[texhax] defin'd?

Uwe Lueck uwe.lueck at web.de
Thu Dec 24 17:34:08 CET 2015

A few hours ago, Reinhard Kotucha wrote:
>> >     \def\@IfUndefined#1{%
>> >         \begingroup\expandafter\expandafter\expandafter\endgroup
>> >         \expandafter\ifx\csname #1\endcsname\relax
>> >               \expandafter\@firstoftwo
>> >         \else \expandafter\@secondoftwo \fi}
>> Noting that this is not expandable, in contrast to LaTeX's \@ifundefined
>> and \ifcsname. (The latter is clearly the best approach when allowed.)
> ... and the macro above doesn't prevent anything from going into the
> hash table.

Should anybody have believed that the \csname in the definition of 
\@IfUndefined worked differently from how it works in \@ifundefined?
Of course it creates a hash table entry in the case of non-definedness.
Besides resetting the meaning to "undefined" (I believe Bernd Raichle 
wrote that this was the motivation, and this has been Phil's point, 
which I addressed), however, it would be nice if the \endgroup /removed/ 
the hash table entry. Can the quotes in Phil's 


about removing hash table entries refer to something else than commands 
closing groups? (Were there \undef or so, resembling unalias and 
export -n?) Or was the intended feature finally given up, so that 
today hash table entries are permanent? -- Ah, Reinhard's preceding


> quite unfortunate.  It adds something to the hash table which can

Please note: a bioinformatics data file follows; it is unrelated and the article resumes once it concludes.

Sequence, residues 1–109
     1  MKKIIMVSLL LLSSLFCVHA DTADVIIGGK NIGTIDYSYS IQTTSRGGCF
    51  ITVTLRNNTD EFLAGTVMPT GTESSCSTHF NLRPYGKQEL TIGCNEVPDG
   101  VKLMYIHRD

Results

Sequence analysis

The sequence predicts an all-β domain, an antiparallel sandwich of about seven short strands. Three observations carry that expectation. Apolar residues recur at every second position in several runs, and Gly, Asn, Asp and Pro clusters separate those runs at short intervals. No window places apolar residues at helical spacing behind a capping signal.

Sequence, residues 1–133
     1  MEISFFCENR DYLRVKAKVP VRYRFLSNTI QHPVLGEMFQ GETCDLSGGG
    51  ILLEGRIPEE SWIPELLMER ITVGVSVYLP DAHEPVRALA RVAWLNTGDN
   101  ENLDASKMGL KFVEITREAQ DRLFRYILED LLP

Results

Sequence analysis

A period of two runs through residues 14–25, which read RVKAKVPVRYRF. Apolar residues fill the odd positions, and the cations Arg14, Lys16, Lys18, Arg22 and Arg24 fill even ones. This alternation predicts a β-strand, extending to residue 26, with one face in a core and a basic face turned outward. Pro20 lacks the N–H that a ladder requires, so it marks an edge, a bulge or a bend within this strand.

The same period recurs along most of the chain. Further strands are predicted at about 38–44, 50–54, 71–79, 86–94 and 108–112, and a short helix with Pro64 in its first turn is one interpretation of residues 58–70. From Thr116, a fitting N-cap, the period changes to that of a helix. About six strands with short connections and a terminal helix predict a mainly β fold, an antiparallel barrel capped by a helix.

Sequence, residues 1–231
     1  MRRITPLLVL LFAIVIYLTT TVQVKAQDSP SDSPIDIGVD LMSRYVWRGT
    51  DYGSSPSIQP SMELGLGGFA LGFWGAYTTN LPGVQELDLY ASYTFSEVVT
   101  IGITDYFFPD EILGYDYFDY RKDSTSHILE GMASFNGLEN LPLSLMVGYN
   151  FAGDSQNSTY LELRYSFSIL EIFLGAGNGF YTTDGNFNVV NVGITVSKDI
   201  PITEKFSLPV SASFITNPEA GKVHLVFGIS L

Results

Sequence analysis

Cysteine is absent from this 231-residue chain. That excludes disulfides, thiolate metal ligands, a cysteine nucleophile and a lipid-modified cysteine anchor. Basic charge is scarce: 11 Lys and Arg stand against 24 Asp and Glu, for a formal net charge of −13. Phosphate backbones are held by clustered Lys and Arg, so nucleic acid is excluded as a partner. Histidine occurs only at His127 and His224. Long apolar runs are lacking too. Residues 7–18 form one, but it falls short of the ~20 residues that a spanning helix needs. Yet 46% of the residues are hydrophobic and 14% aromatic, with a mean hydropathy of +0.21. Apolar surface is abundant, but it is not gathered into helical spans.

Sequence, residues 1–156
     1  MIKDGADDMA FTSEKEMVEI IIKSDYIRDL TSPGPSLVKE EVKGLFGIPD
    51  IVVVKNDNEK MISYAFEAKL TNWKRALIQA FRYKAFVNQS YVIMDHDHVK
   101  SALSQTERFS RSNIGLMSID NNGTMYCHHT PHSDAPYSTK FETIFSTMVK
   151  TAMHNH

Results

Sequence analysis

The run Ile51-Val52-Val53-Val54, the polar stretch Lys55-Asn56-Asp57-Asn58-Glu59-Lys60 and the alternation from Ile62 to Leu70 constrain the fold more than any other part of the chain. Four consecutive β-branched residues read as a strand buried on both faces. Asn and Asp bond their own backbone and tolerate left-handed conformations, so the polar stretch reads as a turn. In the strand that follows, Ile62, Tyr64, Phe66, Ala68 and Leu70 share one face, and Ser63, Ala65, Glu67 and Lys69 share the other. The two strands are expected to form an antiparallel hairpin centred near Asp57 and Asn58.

> never be removed and thus stays there forever.
> Phil, we discussed this issue a few years ago and you forwarded a mail
> from someone who explained *why* TeX cannot remove unused csnames from
> the hash table.

However, this is not clear to me. In the first paragraph, there may 
be something special in the situation that /these/ hash table entries 
cannot be removed while others can. In the second paragraph, "unused" 
may as well refer to the myriads of funny macros that people like to 
to define/load while they are "not used" in some single document. (Or 
even: while almost nobody ever uses them. -- No wonder TeX does not 
remove them from the hash table, but some /definition macros/ could 
prevent defining things that were not used in previous runs, similar 
to the feature of printing only those bibliography entries that actually 
are cited.)

Happy TeX installations on the new computers waiting for you

 -- Uwe.

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